Andrew Kun, Neha Kumar, David Shamma
The Covid-19 pandemic made physical conferences impossible, thrusting us all into the world of organizing and attending virtual conferences. Almost overnight, SIGCHI volunteers found themselves asking: How can we continue to build inclusive, supportive, and productive communities of researchers and practitioners with fully virtual conferences? These are difficult questions, and important for us to address as a community. We discussed them at multiple venues, including at SIGCHI panels with 2020 conference leaders . We learned that online conferences present three prominent roadblocks:
- Organizing online events needs new skills. SIGCHI volunteers are widely experienced in organizing physical events. But online events require us all to learn new skills and practices, such as how to create engaging video presentations, how to use online presentation and collaboration tools, and how to assure accessibility and equity in the use of these tools.
- Engaging attendees is challenging. Gone are the opening receptions and coffee breaks, where we can bump into old friends and meet new colleagues. Now we have Zoom fatigue, often unwieldy online platforms, and diversions at home to navigate.
- It's always the middle of the night somewhere. If the event starts at 9 A.M. in Boston, it is probably convenient for an attendee in Berlin (3 P.M.), but too early for an attendee in Seattle (6 A.M.), and too late for attendees in Tokyo (11 P.M.) and Sydney (1 A.M.).
Through our discussions, we also learned how conference organizers navigated these challenges, in the hope that these insights can serve us in 2021:
- Adapt the organization. New tasks may mean creating new roles on organizing committees. For example, we need video chairs who can take responsibility for visual content, interfacing with authors and the SIGCHI video team to process both synchronously and asynchronously generated content. We also need to bear in mind the locations of student volunteers while planning their duties, to make life easier for them and for our global audience.
- Adapt the program. In general, short talks have worked better than longer ones. It has also been helpful to create detailed session plans and rehearsals for session chairs and presenters (as MobileHCI did). Conference attendees have enjoyed engaging in less conventional ways, such as over Discord or online Karaoke (CHI PLAY), or through a virtual bike tour of snowy Minneapolis (CSCW).
- Adapt to time zones. Our conferences also experimented with approaches such as repeating sessions (MobileHCI), sharing videos asynchronously (DIS), or making sure that the burden of having to get up very early or stay up very late was distributed equally across the globe (CHI PLAY).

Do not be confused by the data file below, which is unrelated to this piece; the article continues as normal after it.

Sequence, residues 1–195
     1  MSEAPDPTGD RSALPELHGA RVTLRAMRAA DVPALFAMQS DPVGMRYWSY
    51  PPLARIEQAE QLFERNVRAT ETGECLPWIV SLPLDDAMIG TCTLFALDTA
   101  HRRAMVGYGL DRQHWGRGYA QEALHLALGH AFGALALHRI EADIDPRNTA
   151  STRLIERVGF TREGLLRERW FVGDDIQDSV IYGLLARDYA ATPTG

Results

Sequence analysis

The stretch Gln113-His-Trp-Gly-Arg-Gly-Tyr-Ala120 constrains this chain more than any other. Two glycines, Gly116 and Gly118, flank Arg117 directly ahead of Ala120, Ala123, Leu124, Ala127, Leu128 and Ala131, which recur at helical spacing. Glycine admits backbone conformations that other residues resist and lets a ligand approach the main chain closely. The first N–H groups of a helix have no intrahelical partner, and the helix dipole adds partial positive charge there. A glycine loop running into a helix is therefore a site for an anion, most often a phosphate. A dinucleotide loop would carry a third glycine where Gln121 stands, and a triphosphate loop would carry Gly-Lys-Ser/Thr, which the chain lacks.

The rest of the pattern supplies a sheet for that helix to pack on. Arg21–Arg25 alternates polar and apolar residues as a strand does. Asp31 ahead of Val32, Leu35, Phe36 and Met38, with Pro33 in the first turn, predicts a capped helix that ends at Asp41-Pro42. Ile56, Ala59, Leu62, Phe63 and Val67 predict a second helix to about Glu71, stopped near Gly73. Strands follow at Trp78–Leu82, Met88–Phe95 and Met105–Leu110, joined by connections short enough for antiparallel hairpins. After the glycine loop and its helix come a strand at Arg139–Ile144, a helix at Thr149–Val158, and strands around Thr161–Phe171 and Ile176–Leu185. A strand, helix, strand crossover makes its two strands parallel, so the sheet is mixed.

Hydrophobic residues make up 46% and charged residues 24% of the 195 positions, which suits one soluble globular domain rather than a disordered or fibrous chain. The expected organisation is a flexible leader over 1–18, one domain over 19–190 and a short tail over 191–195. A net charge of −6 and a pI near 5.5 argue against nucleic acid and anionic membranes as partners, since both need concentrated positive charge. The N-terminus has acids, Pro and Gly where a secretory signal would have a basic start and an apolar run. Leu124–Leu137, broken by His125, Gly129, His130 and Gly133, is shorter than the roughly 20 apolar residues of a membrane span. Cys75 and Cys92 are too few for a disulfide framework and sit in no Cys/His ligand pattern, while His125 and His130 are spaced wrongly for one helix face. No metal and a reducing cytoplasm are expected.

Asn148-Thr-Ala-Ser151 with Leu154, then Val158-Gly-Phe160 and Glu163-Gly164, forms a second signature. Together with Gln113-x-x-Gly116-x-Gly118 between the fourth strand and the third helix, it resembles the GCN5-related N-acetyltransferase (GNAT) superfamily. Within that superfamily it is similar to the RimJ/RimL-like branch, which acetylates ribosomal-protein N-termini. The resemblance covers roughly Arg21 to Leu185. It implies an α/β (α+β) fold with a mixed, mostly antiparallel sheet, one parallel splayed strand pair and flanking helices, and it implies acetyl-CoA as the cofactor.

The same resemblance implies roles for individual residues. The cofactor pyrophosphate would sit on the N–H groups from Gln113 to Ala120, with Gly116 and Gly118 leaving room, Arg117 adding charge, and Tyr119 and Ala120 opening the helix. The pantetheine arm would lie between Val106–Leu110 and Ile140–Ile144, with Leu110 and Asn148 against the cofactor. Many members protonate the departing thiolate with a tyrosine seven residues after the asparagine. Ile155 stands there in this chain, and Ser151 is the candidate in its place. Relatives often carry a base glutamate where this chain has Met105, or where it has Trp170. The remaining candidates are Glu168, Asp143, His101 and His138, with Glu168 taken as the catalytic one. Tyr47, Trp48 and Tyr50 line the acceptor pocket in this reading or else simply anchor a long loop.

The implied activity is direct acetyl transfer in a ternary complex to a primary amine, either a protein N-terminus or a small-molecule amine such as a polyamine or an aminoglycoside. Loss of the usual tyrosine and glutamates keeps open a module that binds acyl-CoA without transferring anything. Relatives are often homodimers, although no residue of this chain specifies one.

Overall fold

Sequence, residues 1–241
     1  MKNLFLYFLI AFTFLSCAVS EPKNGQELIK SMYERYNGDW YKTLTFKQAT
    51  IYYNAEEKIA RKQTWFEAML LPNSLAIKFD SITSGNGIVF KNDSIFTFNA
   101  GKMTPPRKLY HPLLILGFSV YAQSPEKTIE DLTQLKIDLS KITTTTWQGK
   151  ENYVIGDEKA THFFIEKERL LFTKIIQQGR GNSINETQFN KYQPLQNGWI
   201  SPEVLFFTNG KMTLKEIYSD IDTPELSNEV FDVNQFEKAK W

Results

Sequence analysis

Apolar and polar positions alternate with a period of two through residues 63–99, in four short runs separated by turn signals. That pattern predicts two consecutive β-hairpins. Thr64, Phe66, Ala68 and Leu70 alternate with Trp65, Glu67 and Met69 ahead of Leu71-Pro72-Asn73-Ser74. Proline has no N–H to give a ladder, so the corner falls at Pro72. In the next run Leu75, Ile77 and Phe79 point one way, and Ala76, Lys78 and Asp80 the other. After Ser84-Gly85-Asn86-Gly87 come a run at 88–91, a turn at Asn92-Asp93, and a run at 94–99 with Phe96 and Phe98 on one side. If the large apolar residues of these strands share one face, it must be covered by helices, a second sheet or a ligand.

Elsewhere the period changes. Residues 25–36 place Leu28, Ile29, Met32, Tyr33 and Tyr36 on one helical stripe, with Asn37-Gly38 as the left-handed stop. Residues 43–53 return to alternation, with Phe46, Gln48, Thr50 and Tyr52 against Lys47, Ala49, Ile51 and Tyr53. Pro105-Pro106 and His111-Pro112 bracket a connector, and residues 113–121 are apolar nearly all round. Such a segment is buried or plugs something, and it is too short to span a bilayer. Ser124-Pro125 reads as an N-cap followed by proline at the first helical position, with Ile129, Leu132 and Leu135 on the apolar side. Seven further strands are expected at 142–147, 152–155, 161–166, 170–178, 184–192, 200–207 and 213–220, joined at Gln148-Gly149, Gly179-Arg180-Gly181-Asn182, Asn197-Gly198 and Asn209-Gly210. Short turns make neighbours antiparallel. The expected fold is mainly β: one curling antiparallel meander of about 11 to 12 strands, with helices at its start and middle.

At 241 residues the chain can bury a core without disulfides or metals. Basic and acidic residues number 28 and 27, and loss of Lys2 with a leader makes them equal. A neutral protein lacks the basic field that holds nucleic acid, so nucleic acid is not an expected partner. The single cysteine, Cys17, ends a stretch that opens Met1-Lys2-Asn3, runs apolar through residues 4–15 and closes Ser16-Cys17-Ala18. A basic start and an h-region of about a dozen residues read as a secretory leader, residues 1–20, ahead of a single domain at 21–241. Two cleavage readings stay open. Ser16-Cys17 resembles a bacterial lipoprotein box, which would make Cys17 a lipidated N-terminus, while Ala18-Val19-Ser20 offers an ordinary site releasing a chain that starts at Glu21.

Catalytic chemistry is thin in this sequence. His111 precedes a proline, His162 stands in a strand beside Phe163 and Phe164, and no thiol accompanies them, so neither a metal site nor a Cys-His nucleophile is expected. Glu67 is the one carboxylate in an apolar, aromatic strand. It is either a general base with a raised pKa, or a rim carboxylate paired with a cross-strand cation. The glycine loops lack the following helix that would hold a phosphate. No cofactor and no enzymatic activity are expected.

A key insight we gained from observing the roadblocks and successes: Our organizers and attendees are now much more adept at infusing helpfulness, forgiveness, and empathy into the SIGCHI conference experience. As we leave behind the devastation and pain inflicted by Covid-19, this is one outcome we must preserve.
How can we continue to build inclusive, supportive, and productive communities of researchers and practitioners with fully virtual conferences?
Moving forward, we know that we will eventually return to physical events, even if it takes a while. Even as we do so, we must ensure that the inclusivity offered by virtual participation is not lost from SIGCHI conference efforts, given how these events expand the global reach of our conferences. Attending a virtual conference costs less, requires less investment of time, and incurs a smaller carbon footprint than traveling to a physical conference; we can improve global mobility with fewer resources. We see some signs of this already happening: the SIGCHI YouTube channel had a total of about 650K views in 2019, compared with over a million views in 2020. This new traffic is increasingly global—it is especially exciting to see examples like Brazil, where views have reached 14K, double those of 2020.
This is our quick take on the virtual conference experience at SIGCHI. As we continue to battle the pandemic and, hopefully, slowly emerge from it, what are the things you would like to keep regarding our online events? And what would you definitely like to change? Write and tell us what you think!
1. Recordings available on https://www.youtube.com/user/acmsigchi
Andrew L. Kun is a professor at the University of New Hampshire. He explores how human-computer interaction technologies can support work and well-being in the car and at home. He serves as the ACM SIGCHI interim vice president for conferences. email@example.com
Neha Kumar is an assistant professor at the Georgia Institute of Technology, where she conducts research at the intersection of human-centered computing and global development. She serves as the ACM SIGCHI vice president at large and cares about global equity and inclusivity in SIGCHI. firstname.lastname@example.org
David A. Shamma is an industry scientist, research director, and distinguished member of the ACM. His core research focuses on the Intersections of AI, HCI, and systems. He has held positions at FX Palo Alto Laboratory, Centrum Wiskunde & Informatica (CWI), Yahoo Labs, Flickr, and NASA's Center for Mars Exploration. From 2018 through 2020, he served as ACM SIGCHI vice president for operations. email@example.com
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